San Diego Housing Federation 
          San Diego LGBT Community Center
          San Gabriel Valley Housing and Homeless Coordinating Council
          San Luis Obispo County Housing Trust Fund
          Satellite Housing
          Self-Help Enterprises
          Shelter, Inc.
          Sierra Business Council
          Silicon Valley Leadership Group
          South County Housing
          Southern California Association of Non-Profit Housing
          Stand Up for Neighborly Novato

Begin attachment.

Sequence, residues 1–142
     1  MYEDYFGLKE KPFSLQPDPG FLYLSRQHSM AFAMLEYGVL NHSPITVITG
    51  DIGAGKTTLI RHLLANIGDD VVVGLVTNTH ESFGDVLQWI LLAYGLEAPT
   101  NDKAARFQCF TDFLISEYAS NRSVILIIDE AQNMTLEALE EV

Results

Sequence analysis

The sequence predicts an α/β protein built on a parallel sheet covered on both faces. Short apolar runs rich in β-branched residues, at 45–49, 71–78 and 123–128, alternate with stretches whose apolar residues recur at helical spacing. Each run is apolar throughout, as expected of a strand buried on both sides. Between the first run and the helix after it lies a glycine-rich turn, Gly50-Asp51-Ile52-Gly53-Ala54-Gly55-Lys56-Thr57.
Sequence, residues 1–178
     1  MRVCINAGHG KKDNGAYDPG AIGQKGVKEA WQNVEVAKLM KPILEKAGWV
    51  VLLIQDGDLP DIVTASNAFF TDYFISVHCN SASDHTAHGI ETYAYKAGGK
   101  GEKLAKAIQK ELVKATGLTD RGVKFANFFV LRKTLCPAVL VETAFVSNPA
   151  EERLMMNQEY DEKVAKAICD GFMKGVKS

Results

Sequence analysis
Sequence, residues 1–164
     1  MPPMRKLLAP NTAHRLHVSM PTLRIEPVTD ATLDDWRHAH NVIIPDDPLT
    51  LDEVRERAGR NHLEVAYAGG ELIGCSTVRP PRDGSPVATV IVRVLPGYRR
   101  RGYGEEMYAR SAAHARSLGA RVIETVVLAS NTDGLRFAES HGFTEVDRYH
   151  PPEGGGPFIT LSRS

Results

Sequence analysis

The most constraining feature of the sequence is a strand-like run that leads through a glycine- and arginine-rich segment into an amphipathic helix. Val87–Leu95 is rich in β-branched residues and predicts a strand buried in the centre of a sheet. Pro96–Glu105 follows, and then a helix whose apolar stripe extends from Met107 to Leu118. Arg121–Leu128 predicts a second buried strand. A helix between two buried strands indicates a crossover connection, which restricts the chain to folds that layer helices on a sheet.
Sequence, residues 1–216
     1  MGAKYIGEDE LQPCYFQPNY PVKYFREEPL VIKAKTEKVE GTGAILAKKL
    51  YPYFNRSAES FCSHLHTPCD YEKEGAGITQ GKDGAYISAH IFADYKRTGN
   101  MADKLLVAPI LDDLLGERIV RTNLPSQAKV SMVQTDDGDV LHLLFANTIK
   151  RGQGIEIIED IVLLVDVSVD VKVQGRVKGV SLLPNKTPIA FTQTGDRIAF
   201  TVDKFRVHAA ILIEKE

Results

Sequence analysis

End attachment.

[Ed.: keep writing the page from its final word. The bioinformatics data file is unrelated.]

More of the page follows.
State Building and Construction Trades Council of California
          Stocktonians Taking Action to Neutralize Drugs
          Sun Country Builders
          Sunseri Construction
          Treasure Island Homeless Development Initiative
          United Homeless Healthcare Partners
          USA Properties
          Veterans Association of North County
          Walton Construction Services
          West Bay Housing Corporation
          Western Center on Law and Poverty
          Westport Construction
          Yolo Community Care Continuum

          
          OPPOSED:   

          California Bankers Association
          California Land Title Association
          California Mortgage Bankers Association
          California Taxpayers Association
          County Recorders Association of California
          Howard Jarvis Taxpayers Association